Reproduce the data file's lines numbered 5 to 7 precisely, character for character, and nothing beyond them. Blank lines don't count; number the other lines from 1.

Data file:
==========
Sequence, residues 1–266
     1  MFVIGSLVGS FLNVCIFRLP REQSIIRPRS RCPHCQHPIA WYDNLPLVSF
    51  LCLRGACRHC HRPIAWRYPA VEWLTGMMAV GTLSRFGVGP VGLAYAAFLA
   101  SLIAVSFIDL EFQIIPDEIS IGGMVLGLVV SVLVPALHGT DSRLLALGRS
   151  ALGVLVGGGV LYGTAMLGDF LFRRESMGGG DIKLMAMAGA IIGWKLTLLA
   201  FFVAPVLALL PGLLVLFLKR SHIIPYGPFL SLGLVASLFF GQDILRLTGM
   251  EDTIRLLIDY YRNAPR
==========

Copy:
   151  ALGVLVGGGV LYGTAMLGDF LFRRESMGGG DIKLMAMAGA IIGWKLTLLA
   201  FFVAPVLALL PGLLVLFLKR SHIIPYGPFL SLGLVASLFF GQDILRLTGM
   251  EDTIRLLIDY YRNAPR